Bills stick with Jauron, players pleased

Owner decides to keep Jauron, rather than rebuild with a new coach...

Bills owner Ralph Wilson has spoken. Continuity wins out over an overhaul.

That means he will honor the three-year contract extension he secretly -- and, some would argue, prematurely -- awarded head coach Dick Jauron back in October when the team shot out to a 5-1 start. The Bills stumbled and lost eight of their last 10 games.

After a meeting with Jauron at his suburban Detroit home on Tuesday and after consulting with chief operating officer Russ Brandon and lead personnel man Tom Modrak, Wilson announced his decision on Jauron in a three-paragraph statement.

It brought to an abrupt end speculation that the 90-year-old Wilson would eat Jauron's contract and dismiss Jauron, whose popularity among the fan base has plummeted after three consecutive 7-9 finishes pot-marked by horrendous fits of game-day blunders.

It also ended the New Year's week daydreaming by Bills fan that their team would hire someone from a growing list of former NFL coaches with winning track records, among them Bill Cowher, Brian Billick, Marty Schottenheimer, and now, Mike Shanahan.

"It is well known that I share many of the fans' dissatisfaction with our offensive game management," Wilson said. "That being said, I believe that this team, at this time, is better served by continuity in the coaching staff rather than a disruptive overhaul."

Wilson said he felt players performed hard for Jauron all season and that there "are many positives to build out. This is not to say that we will be complacent. In my discussions with Dick and our senior football people, the issues are recognized and I am confident they will be addressed."

Those issues run deep.

Facing one of their easiest schedules in years, the Bills went winless against their division, the AFC East, for the first time since 1976. They were 3-5 at home, just their second losing record at Ralph Wilson Stadium in the past 23 seasons.

Buffalo's offense could produce just two field goals in its final three home games, losses to San Francisco, Miami (in Toronto) and New England. Jauron's feeble clock management, timeout usage and erratic play-calling by his coordinator, Turk Schonert, all played a role in the club's epic collapse that extended Buffalo's playoff drought to nine seasons.

That all said, Buffalo statistically was an improved team.

Second-year quarterback Trent Edwards, who missed 2 1/2 games with a groin injury, led an offense that scored 10 more touchdowns. Marshawn Lynch and Fred Jackson emerged as a dynamic backfield duo, and the offense rolled up 4,882 yards, the most in six seasons. Overall, Buffalo's offensive ranking improved from 30th to 25th.

On defense, Jauron's specialty, the Bills made a huge leap. Fortified by the additions of free agents Marcus Stroud and Kawika Mitchell, the Buffalo defense under coordinator Perry Fewell jumped from 31st in yards allowed to 14th. The pass rush was affected by the loss of defensive end Aaron Schobel to a foot injury for most of the year, but several young players emerged.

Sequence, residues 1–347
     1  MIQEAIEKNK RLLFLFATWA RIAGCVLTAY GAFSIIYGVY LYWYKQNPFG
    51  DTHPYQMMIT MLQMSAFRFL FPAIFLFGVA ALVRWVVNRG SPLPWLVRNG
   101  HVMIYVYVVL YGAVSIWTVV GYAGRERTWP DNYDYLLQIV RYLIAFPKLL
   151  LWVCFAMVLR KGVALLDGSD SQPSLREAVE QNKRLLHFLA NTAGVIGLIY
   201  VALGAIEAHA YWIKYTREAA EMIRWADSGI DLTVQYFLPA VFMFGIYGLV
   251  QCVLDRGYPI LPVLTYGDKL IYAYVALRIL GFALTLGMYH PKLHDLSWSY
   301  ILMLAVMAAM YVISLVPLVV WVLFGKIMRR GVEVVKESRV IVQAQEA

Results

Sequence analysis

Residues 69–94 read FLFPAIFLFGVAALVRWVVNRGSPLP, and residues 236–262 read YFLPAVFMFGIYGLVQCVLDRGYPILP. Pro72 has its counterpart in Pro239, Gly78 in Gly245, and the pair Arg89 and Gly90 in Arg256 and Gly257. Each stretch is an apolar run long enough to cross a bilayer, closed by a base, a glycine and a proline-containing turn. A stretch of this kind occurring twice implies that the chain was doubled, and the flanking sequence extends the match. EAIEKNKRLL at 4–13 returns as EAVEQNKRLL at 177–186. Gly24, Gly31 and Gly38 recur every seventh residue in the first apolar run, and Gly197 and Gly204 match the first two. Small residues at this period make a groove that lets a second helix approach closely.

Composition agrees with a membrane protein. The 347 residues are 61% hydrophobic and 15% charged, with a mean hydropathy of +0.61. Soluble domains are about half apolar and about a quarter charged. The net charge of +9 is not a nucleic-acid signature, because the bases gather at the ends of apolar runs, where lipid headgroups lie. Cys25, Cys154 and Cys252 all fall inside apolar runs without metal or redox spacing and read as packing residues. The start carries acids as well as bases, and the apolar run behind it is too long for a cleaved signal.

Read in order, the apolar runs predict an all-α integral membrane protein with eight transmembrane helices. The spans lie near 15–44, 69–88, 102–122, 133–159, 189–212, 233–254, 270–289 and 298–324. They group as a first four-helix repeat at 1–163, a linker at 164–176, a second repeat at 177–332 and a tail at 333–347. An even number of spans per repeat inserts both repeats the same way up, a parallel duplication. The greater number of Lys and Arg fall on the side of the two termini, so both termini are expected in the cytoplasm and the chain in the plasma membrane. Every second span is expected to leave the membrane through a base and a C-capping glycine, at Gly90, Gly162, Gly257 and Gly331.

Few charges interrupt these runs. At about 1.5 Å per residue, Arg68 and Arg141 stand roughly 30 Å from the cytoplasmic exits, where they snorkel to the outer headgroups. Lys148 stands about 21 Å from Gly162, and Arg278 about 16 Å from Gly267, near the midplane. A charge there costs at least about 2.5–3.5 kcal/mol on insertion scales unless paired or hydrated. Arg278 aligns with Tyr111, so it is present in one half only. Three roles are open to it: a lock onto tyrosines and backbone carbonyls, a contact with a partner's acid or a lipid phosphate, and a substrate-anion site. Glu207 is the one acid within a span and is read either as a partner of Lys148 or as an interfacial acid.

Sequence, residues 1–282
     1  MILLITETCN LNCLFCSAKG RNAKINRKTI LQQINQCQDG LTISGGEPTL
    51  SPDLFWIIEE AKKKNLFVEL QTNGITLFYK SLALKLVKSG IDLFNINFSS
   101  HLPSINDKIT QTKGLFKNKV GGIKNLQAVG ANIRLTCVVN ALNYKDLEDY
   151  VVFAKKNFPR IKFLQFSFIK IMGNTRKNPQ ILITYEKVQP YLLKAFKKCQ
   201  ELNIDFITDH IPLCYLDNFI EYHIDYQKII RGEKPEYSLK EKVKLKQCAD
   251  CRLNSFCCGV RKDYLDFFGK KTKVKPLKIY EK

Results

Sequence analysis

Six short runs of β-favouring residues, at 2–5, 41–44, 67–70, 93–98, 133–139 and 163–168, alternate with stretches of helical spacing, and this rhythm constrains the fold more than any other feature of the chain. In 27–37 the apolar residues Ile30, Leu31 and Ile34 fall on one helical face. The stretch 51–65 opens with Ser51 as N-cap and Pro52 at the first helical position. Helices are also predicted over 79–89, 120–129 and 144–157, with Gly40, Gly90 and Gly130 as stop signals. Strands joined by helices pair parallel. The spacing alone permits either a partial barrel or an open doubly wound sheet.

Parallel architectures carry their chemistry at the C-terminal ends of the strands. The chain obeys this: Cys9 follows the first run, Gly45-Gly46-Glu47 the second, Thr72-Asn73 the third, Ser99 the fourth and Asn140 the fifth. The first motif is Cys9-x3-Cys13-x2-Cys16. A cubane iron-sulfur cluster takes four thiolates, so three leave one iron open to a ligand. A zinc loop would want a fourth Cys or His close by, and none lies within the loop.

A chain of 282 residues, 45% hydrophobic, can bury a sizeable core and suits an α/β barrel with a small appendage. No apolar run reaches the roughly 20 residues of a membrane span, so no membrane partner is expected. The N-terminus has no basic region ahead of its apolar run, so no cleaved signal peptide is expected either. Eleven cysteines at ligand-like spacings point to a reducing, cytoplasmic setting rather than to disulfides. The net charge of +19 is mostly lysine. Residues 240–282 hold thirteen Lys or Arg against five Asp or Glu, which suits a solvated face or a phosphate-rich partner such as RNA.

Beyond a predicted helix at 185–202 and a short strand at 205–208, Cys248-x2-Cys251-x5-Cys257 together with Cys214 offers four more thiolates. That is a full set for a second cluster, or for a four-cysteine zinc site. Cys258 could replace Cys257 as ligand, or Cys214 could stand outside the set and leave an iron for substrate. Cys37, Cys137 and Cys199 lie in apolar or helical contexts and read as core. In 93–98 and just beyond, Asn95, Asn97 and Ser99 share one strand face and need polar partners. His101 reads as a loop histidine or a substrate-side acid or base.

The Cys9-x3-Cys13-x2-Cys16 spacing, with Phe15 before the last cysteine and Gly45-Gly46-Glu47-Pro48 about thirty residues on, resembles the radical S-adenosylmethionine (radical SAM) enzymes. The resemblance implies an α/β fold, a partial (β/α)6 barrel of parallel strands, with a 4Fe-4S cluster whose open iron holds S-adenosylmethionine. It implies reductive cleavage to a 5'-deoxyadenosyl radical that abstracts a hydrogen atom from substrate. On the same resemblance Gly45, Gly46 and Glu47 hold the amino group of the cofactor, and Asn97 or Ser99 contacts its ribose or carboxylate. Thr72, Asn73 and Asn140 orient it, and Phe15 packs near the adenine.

"I believe in the last few years we have gotten close personnel-wise and look forward to another strong draft, more assertive veteran leadership and continued improvement from our young quarterback," Wilson said.

By being retained at least a fourth year, Jauron becomes the first Bills coach since Marv Levy, who retired in 1997, to last more than three seasons. Wade Phillips and Gregg Williams lasted three and Mike Mularkey two before he quit the job after the 2005 season.

"I've been concerned about my future all of my life," Jauron said Sunday after the Bills' 13-0 loss to New England. "(This) isn't any different than any other time."

Jauron has had only one winning season in eight years as an NFL head coach. While fan reaction was strongly against his return, his players were overwhelmingly supportive.

"That's what we wanted to see," defensive end Chris Kelsay said. "To see the team move forward without him, I think would've been a terrible thing. ... We can continue on from here and move forward and continue to improve."

Added Mitchell, "This is my fourth head coach and ... I know he's a good one. He's a solid leader, he takes good care of us. Sure they (the coaches) make bad decisions, but we also make bad plays as players. We just have to be smarter as a team."

Wide receiver Lee Evans, who has been through three GMs, three offensive coordinators and two head coaches in his five seasons in Buffalo, said "continuity and consistency is the key to winning. I guess change is inevitable in this business, but the better you are as a unit, it shows.

"I think we have the people here to do it. We had the people here last year. Had we fared differently in our division (Buffalo was 4-2 against the AFC East in 2007), we'd be talking about a different season. It's very frustrating. We had games we could've won, and we let them go."

At least this time, they won't be letting their head coach go.

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